This new leadership will require a new more expansive, way of loving. This kind of love, whether it is called philos or agapē, involves an inherent expectation of “doing.” You can’t love in theory alone, true love requires an expression, a doing. So, to love universally you need to be connected to those around you, to your neighbour, otherwise it’s just a good idea and love of that kind will rarely change anything. Love is as love does. This love Jesus points to is to love courageously, to love with risk, to love without wavering, to love regardless of what it calls us to do.
Feeding Jesus’ sheep means nourishing, guiding and caring for those who belong to Jesus. That’s a wide, wide group rather than a narrow one, in my view for God so loved the world! This is what it means to Jesus to love others, selflessly. Earlier we learned that the good shepherd is the one who lays down his life for the sheep. Peter had said he was ready to do this, and demanded the right to follow Jesus, but Jesus had sensed, back then, that he was not ready. He was not ready because he wanted to follow on his own terms and did not fully appreciate that to follow meant the way of the Cross, and the way of dying to self. Now, post-Easter, he gets it, so Jesus says the words that Peter had longed to hear earlier, “Follow me.”
These are not light words; they are words that bring with them whole of life change. ‘Follow me’ is not a call to follow when, or where it suits. It can be a call to discomfort, or it may take us to places we least expect or wish to go to. It is only after the events of Easter that Jesus knows that Peter is ready to hear them. ‘Follow me’ means dying to self, a readiness to give it all as Jesus had. To die to self as Jesus had demonstrated. Does the risen Christ call Peter and us, as individuals, and as communities of faith, to follow him even where we would not otherwise go, even where we might not want to go?
The times in which we live are no time to resist because “we have never done it that way before,” nor are they the time for returning to what we are used to, because we fear what we don’t know. These times, more than ever, are times that call for the best love of God, friends, neighbours, and enemies, that we can muster. Or, better yet, these times cry out for the love to which God calls us and that God will bring to life within us for the sake of others. Included in the call to follow me, is the call to prepare others to also be able to follow him. Sometimes we hear this expressed as discipleship but that word has become rather loaded and can be off-putting if not explained well. Preparing others to follow is what all of us are engaged in. It’s why we meet together and serve in whatever way we do, or did. It’s the purpose of our children and young people ministries, it’s why we preach, pray and share communion. It’s why we put so much effort into connecting with the community around us, so we can live this out in our context.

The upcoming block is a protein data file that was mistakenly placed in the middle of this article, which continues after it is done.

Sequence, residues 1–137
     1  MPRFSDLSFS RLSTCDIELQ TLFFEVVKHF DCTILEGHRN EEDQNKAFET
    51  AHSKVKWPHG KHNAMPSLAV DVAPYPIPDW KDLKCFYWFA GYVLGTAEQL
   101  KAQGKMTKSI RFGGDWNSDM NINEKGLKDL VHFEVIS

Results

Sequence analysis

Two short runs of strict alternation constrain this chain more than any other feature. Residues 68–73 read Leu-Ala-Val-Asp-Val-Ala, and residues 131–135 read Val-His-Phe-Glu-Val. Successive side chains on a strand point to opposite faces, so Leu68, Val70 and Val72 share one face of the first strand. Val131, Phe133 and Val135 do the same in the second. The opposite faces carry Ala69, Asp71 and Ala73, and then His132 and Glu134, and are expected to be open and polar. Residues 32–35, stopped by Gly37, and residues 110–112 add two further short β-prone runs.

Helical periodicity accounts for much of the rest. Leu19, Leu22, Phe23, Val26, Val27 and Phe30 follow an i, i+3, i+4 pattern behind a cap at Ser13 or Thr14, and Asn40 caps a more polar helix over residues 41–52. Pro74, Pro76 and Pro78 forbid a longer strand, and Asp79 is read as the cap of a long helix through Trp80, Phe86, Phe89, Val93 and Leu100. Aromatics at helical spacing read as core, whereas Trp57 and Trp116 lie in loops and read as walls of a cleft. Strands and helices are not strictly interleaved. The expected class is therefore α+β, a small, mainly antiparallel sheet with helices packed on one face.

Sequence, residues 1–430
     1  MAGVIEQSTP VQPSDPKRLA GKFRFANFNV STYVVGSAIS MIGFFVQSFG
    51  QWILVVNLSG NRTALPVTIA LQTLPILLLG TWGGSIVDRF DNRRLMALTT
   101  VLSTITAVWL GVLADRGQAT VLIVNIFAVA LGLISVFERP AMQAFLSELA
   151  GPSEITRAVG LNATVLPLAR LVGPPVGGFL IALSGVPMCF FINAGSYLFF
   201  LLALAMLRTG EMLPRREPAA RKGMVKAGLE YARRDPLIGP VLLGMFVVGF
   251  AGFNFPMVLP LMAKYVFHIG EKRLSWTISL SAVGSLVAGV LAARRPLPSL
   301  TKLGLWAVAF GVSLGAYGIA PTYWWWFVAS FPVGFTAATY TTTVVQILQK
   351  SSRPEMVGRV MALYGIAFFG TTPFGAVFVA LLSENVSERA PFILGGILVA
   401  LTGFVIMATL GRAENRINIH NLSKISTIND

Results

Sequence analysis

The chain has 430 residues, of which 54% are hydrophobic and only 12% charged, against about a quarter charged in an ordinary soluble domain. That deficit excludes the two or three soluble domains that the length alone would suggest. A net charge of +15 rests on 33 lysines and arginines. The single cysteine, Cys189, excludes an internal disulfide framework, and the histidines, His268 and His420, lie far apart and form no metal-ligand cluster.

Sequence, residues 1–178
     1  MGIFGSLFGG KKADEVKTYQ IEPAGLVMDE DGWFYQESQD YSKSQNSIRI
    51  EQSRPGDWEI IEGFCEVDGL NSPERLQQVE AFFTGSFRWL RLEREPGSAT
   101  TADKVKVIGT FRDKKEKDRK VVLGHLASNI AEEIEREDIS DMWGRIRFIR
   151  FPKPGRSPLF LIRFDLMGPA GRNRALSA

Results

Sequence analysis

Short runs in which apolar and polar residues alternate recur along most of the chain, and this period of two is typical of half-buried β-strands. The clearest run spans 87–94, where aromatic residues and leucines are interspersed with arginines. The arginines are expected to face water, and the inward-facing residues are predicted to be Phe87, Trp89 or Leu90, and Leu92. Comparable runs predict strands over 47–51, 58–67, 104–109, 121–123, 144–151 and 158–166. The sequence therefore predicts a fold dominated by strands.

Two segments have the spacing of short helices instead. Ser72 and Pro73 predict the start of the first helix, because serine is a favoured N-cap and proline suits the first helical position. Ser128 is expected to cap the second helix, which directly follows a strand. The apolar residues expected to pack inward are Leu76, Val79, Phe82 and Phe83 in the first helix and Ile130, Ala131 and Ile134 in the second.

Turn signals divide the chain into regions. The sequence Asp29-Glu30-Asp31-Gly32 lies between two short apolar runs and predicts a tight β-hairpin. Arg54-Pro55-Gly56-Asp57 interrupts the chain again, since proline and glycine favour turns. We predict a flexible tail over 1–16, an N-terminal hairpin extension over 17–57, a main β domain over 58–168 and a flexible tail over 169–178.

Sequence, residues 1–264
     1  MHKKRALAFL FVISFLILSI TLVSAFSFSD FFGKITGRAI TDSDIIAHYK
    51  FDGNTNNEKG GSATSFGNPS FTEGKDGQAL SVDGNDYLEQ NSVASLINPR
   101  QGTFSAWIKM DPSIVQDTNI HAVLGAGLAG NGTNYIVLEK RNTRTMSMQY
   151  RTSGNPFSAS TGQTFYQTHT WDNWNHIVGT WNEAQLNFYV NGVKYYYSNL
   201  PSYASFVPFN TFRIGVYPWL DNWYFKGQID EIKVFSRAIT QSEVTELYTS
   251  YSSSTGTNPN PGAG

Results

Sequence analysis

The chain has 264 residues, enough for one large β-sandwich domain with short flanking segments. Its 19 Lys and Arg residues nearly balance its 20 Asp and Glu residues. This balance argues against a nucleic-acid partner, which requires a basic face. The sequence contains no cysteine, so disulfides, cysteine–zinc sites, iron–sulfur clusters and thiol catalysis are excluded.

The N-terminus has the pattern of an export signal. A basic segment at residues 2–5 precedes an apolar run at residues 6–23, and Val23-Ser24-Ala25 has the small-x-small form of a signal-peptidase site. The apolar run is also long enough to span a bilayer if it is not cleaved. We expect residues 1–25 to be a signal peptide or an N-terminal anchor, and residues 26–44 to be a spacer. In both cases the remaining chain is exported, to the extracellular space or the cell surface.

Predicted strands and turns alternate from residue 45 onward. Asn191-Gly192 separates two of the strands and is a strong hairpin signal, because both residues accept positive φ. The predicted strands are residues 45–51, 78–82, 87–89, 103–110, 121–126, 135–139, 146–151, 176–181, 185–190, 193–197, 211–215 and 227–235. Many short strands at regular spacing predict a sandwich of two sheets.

There is a lot in this story of Jesus being reunited with Peter on the beach that morning. But perhaps the bit that speaks the most, is this: The one who denied the Lord, becomes the one on which Jesus builds his church. Quicksand becomes rock. That surely gives our floundering attempts to be church some reassurance. We are not always going to get things right, or follow the where we are called, but we shouldn’t give up the efforts to respond to Jesus’ question, each and every day, do you love me. Are we ready to say yes; to love and live sacrificially by feeding his sheep and following where he leads? It’s not a passive thing this: we are being called to give of ourselves even when it doesn’t suit. And even if active expressions are no longer the way in which you are able to serve, then encouraging those who are able, praying for them and supporting them are still ways to express the self-giving, universal agape love in philos fashion. Hearing the story again this morning, is a reminder that we are still engaged in what started that morning on the beach of the Sea of Tiberius, and it continues to pull us in, with those simple words of Jesus, “Follow me.”